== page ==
- Developing an in-house training program and resources beyond periodically watching and yelling at new employees for awhile. Online, on-demand courses on CD/DVD, manufacturer-supplied training etc. should continue to boom...look at the training provided franchisees by franchisors or military training as the probable models. Since this is endlessly specific and changing, it should be a huge opportunity for many very small businesses to fill as well as a very confusing search for most businesses trying to pull together programs. Look at offerings like Ed2Go...
- Worker productivity enhancement by all means, Toyota Lean Production, Deming Quality, Goldratt Theory of Constraints, etc. will have the energy that the quality movement did in the 1980's as making the most out of whom you've got becomes ever more critical when you can't staff up. We've seen a lot of that in the past 15 years but I think that's the Early Adoption or maybe Early Majority phase, not the peak.
- Expert Systems software applications will be huge and pervasive as really it's our only shot to replace the tremendous amount of painfully learned judgment leaving through retirement. Whether this becomes the elusive panacea of the giant software companies or something far more useful and small scale like Lotus Notes, object-oriented programming, Hypercard, Linux, etc. will be fought out over the next 20 years probably by companies that don't exist yet as well as Microsoft, Sun, IBM, and Oracle. Maybe it'll all be web-based and worldwide idea-drawing like Linux...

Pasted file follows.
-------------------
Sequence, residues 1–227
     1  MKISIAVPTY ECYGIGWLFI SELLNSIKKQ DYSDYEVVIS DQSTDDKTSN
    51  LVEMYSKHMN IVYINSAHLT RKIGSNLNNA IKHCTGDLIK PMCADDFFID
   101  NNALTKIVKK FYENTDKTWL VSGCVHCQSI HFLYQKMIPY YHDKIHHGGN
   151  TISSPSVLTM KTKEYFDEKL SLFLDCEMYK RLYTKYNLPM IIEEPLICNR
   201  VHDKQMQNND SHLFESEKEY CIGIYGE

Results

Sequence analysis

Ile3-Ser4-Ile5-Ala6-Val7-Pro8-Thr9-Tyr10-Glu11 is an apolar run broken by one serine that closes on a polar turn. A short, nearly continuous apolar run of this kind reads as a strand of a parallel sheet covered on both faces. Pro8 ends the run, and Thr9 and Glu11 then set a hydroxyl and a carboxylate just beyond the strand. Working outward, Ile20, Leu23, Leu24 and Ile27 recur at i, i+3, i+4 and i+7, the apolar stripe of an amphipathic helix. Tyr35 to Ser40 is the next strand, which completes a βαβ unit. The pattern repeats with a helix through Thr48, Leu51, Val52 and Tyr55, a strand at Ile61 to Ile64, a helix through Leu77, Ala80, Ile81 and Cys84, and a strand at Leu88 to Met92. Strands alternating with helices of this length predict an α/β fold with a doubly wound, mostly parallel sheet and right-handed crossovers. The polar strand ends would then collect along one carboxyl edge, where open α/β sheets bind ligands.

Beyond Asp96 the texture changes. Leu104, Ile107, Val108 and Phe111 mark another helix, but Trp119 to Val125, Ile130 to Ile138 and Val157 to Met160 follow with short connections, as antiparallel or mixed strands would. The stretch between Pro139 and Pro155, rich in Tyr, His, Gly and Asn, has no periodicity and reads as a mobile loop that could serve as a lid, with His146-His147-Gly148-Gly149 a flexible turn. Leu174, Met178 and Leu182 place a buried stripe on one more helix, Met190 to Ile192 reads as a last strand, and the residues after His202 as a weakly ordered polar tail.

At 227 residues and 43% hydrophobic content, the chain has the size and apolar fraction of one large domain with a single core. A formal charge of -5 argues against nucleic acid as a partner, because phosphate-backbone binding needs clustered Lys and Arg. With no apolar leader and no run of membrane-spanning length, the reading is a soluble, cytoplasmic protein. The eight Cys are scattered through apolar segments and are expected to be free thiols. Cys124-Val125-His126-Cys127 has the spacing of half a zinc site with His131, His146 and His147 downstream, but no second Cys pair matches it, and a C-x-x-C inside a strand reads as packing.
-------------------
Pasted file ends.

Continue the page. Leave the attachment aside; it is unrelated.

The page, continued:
- While we've been seeing blurbs about robotics and automation taking over many jobs and functions for 70 years now, look at CNC machine tools, computer-driven sewing machines and sergers, On-Star and engine sensors in cars, lasers, onboard diagnostics, etc....what we tend to ignore amidst the hype is that many jobs they dumb down...uh, shorten
the training cycle needed to get reliable performance...or eliminate the need to pay attention to them at all which is compelling in an era of an ill-trained, impatient workforce. That suggests opportunities for thousands of small innovative companies identifying niches within processes, industries, applications, etc.. Neil Gershenfeld's new book "FAB" shows how these companies may well fit into a modern two car garage or rec room while producing precise, innovative manufactured items using tabletop CNC/CAD/CAM like Boxford's.
- A group in Colorado is working on the development of a small business coaching team who will be available via call-in phone sessions. The idea is to tap into some of the expertise we have here with people who have actually done business and making them available to groups across the US who can tap into their experiences. There will be a fee for the coaching sessions, but the wealth of knowledge they can tap into will be superb. We are assembling various teams such as retail, restaurant, manufacturing etc.
There's a growing body of books and studies out there:
- "Age Wave" by Ken Dyctwald
- "Great Expectations" by Landon Jones
- "The War for Talent" by McKinsey & Co. folks
- "Fat & Mean" by David Gordon
- "The Double Income Trap" by Elizabeth Warren